What’s happening in Ottawa?

Content Warning: this blog mentions white supremacy, racism, anti-semitism, and violence.

It’s been hard to watch so many people slip through the cracks. Decades of governments and corporations tilting the field towards the 1% got us here. It meant that when the pandemic struck, our political leaders failed us, implementing half-measures to try to patch up the gaps they helped create. It's more clear than ever — we desperately need systemic change.

We all want to start sharing our lives with loved ones again. That’s why it feels more important than ever that we stick with our values of community care, protect ourselves and our communities by getting vaccinated and following public health measures, and work with our neighbours to build a fairer society that works for all of us.

But what’s happening in Ottawa isn’t that. The so-called ‘freedom convoy’ has been billed as a protest against vaccine mandates for truckers. But in reality it was led by members of Canada’s far-right — attempting to suck in workers who are angry and feeling shut out of a rigged system.1,2 Over the weekend, we saw protestors brandish swastikas, Confederate flags, and other hate symbols. Some hurled racist abuse at frontline workers. Others harassed shelter staff to claim food meant for our unhoused neighbours.3,4,5 Racism, white supremacy and hate is wrong in any form. We can’t let the far-right divide us against one another.

These protests are distracting us from the challenges workers in the trucking industry face: wage theft, access to sick days, and proper overtime pay, to name a few. It’s distracting from over 85% of truckers who are vaccinated, and want to support their families.6,7

Many of us are wondering how this was allowed to happen. But the far-right has been growing in Canada for years. Organizers of the convoy protest have connections to established hate groups — and they used their platforms to call for violence and stoke anger and fear.8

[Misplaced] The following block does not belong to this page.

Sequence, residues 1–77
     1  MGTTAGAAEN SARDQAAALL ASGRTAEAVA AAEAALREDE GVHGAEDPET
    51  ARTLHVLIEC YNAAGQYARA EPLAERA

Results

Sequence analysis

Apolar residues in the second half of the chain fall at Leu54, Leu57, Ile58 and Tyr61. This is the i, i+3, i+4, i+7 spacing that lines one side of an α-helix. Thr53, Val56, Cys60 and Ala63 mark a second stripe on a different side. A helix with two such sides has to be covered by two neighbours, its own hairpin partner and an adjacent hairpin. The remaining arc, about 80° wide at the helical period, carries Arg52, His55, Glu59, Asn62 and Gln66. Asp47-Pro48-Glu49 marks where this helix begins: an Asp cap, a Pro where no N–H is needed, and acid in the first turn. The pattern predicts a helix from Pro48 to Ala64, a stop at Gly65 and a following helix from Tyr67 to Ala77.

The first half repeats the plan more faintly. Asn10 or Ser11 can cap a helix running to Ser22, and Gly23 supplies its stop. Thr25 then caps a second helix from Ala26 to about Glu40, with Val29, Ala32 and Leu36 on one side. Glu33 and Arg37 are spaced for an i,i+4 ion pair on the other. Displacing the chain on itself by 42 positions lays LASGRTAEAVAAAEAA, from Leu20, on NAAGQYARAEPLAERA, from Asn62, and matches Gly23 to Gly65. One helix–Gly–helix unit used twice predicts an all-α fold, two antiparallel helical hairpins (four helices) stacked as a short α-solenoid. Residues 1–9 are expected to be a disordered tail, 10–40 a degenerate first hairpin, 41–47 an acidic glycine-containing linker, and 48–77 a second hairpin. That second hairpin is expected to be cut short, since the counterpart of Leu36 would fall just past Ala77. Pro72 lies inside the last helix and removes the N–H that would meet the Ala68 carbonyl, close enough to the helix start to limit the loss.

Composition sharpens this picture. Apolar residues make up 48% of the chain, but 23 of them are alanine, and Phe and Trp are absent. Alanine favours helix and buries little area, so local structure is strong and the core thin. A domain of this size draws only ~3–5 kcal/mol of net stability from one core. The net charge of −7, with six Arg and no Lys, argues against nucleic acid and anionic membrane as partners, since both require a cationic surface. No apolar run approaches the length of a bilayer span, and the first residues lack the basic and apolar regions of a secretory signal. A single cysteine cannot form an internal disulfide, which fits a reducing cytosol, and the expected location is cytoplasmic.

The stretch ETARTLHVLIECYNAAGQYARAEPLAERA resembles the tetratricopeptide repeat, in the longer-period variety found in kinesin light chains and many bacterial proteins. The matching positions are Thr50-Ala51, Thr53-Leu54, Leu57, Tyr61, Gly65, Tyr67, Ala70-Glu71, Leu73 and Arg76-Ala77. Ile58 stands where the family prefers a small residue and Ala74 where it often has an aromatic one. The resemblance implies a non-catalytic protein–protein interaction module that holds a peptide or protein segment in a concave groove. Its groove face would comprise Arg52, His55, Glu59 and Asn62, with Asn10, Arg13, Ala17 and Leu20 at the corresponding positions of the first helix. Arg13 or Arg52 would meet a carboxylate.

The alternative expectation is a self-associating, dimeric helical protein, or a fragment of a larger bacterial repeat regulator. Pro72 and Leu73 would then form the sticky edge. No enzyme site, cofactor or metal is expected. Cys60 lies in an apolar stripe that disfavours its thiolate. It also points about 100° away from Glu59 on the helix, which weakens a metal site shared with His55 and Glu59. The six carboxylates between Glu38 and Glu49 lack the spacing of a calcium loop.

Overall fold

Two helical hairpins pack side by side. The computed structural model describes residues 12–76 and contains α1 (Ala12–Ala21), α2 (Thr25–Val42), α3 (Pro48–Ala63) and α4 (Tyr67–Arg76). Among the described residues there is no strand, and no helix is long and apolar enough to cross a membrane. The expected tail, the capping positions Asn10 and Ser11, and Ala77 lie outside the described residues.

By deliberately spreading lies about vaccines, they’re growing their movement.9 But they also have real supporters, and they’re becoming more emboldened. This weekend demonstrated they’re building organizing power, too.

It’s happening on the watch of police, media, and political leaders. Local residents and community groups condemned the response of the police, and Ottawa Mayor Jim Watson. Mainstream media outlets gave little attention to the hate and racism on display.10,11

Hate comes at a high cost — and racialized people, low-income communities, and people with disabilities are most impacted. Many Ottawa residents were terrified to leave their homes. A vigil to commemorate the Quebec City mosque shooting was cancelled for fear of violence. Small businesses, vaccination clinics, libraries, and daycares were forced to close.12,13,14

This weekend's events show that it's more necessary than ever that we work together to unite behind a positive, courageous vision for a society that works for all of us.

Many of us are buckling under the grief of the last two years. But the answer is not to remain neutral, or to turn to false solutions like the ones promoted by this convoy that peddle hate and seek to divide us against each other.

The answer is in working in solidarity with each other to build the future we all deserve. That means recognizing the common bases of our struggles and organizing together to challenge them. To build a vision for the future that’s more irresistible than anything any far-right leader could dream up.

If you’re in Ottawa and are feeling fearful or anxious, you can call the Ottawa Distress Centre at 613-238-3311. Young people can call the Youth Services Bureau at 613-260-2360.

Further Reading:
Organizations to support if you can: